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Swift Sport Springs *2010/03/09*

*Posted by Michael in my IS300.*

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I’ve read claims that stiffer springs installed in a vehicle can reduce the life of the shock strut. Argument being that a stiffer spring increases the rate of work that the shock strut is required to do.

In researching and preparing to install a set of Swift Springs I decided to analyze the problem. These springs are advertised as having a 25% stiffer spring rate than the stock IS300 springs.

An automotive suspension is easily approximated as a spring-mass-damper system. The motion equation for which is…

mx” + cx’ + kx = F(t)

where…

m = mass

c = damping rate

k = spring force

t = time

x = displacement

x’ = first derivative (velocity)

x” = second derivative (acceleration)

For the analysis I made the following approximations/assumptions…

mass is = 1/4 vehicle curb weight = 340 kg

spring force k is constant = 43 N / mm (245 lbs/in) (front wheel)

damping rate c is constant

damping rate c for the IS300 is estimated at about 0.3 of critical damping which = 2300 Ns/m **

** Milliken (Race Car Vehicle Dynamics) apparently recommends 0.15 – 0.45 of critical for damping rates on road vehicles. I took a guess that the IS300 would be somewhere around 0.35. As this analysis is comparative the exact value will not be critical to the results.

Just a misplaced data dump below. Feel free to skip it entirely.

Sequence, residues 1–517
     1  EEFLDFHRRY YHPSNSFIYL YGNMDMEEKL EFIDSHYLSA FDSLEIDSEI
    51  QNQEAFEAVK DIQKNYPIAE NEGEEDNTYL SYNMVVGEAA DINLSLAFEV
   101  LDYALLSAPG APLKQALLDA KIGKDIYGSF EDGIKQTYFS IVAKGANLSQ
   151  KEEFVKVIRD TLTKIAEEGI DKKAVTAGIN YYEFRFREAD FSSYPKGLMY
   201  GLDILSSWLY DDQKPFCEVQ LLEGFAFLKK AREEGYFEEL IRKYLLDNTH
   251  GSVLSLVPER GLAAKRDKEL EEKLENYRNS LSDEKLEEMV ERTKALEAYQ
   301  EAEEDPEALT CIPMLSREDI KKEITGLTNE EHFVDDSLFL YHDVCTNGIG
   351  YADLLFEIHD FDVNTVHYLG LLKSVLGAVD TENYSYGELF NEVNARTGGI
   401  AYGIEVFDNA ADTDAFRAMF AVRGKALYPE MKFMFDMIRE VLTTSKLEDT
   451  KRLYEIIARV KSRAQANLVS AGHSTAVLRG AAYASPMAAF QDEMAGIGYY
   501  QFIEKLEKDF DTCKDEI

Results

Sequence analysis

My analysis is for a road disturbance = 0.10m to the front wheel, and an initial vertical velocity of the suspension = 0 (these initial conditions are used to solve for constants in the solution).

The motion equation (mx” + cx’ + kx = F(t)) is a second order linear differential. The general solution for an underdamped case is: x(t) = exp(-pt)(A cos(wt) + B sin(wt) [1]. A thorough explanation is best left to a calculus textbook.

Solving for 2 scenarios…

1. Sport Design IS300 with stock springs

2. Sport Design IS300 with Swift springs (25% stiffer)

For each scenario I solved for suspension travel, suspension velocity, and suspension work vs. time. A brief discussion on each follows:

**Travel**

The Suspension Travel graph shows that all three suspension setups oscillate for approximately the same duration. The oscillation frequency is higher with stiffer springs (expected).

**Velocity**

The Suspension Velocity has higher velocity peaks for the suspension with stiffer springs only.

**Work**

This is the interesting graph. The “Work” for a shock is the amount of energy it dissipates. After 1s the suspension with Stock springs dissipates 365 J of energy for the 10cm input. The Swift spring suspension dissipates 419 J of energy: 14.7% more.

**Discussion**

The analysis suggests that installing 25% stiffer springs results in the shock strut performing 15% more work. All other things being equal, a shock might be considered to have a usable life proportional to the total work done. Thus 25% stiffer springs can be interpreted to result in an approximately 15% shorter life.

[1] Differential Equations and Boundary Value Problems 2nd Edition, Edwards, Penney.

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